Competition and Investment in the Internet Value Chain in South Korea and Australia
RIS is delighted to release a new report that directly addresses claims by telco’s that Over the Top Applications (OTTs) are the cause of unsustainable and unviable investments in the telco sector. Based on an in-depth analysis of annual financial reports, quarterly pricing data and other publicly available sources of information, the report shows that telcos are generating above average EBITDA margins from the demand for broadband connectivity. The higher demand for content from consumers translates into demand for better speeds and data allowances and this increases telcos’ revenues.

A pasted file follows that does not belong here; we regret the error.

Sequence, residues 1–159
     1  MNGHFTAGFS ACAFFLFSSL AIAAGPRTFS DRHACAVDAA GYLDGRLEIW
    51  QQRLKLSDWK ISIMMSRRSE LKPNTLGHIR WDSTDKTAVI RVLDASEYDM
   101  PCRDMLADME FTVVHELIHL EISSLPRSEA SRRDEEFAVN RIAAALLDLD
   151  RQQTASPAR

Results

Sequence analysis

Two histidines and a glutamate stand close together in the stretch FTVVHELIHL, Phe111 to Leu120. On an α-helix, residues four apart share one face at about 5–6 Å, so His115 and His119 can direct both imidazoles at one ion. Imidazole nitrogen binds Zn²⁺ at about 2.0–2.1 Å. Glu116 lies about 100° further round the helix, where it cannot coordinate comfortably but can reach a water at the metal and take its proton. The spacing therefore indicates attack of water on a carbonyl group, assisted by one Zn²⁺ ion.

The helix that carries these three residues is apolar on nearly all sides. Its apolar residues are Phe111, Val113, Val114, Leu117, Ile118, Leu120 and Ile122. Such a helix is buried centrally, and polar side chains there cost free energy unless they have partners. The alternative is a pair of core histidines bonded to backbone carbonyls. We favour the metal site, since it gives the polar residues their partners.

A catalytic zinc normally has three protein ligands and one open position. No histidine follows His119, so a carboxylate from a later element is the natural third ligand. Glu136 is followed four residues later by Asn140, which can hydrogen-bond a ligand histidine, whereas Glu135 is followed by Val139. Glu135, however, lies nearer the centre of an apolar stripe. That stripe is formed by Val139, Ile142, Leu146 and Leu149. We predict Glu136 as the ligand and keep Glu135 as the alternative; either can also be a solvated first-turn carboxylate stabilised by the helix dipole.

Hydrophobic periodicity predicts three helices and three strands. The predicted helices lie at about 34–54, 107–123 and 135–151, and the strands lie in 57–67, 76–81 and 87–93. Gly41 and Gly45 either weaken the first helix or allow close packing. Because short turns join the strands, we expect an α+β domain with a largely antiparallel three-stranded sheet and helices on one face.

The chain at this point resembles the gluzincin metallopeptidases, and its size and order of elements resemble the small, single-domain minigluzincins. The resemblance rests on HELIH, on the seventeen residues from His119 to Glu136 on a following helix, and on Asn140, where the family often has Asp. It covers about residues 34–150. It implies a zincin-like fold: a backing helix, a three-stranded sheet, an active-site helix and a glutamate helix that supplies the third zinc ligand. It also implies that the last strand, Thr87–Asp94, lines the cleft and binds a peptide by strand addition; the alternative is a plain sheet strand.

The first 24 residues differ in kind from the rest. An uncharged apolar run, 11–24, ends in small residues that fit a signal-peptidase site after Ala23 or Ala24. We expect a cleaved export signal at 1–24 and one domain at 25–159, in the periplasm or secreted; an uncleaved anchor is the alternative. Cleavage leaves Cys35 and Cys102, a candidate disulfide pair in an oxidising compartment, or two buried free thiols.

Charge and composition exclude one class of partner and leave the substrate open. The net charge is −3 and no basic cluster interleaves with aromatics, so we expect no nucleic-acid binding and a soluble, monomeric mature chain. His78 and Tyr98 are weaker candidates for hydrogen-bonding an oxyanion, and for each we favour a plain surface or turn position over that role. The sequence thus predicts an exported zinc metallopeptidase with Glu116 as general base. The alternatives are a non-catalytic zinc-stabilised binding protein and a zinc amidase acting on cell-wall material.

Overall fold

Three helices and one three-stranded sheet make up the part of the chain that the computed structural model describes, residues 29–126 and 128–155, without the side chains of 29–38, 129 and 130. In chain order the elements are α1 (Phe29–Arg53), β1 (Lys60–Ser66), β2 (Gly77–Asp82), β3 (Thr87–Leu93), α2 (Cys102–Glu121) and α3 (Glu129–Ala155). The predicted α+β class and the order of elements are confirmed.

There are two case studies that show how poorly thought out regulatory interventions can have a significant, and negative, impact on a country’s telco sector: In South Korea, telcos have managed to persuade the state to intervene and impose a new regulatory regime for Internet peering. Instead of commercial imperatives governing agreements between parties, the South Korean regulator has inserted itself and regulates payment for domestic traffic exchange between networks. South Korea is the only country in the world that has adopted such as regime and the result has been lower quality and more expensive services.
Australian telco’s have argued that revenues are declining and that their businesses have negative returns. They claim that their return on investment is lower than their cost of capital and that infrastructure investment is not economically viable unless conditions in the sector improve. However, the cause of these problems is actually a complex and outdated wholesale pricing regime that squeezes telcos’ margins and provides poor quality of service that has been imposed by the Australian government.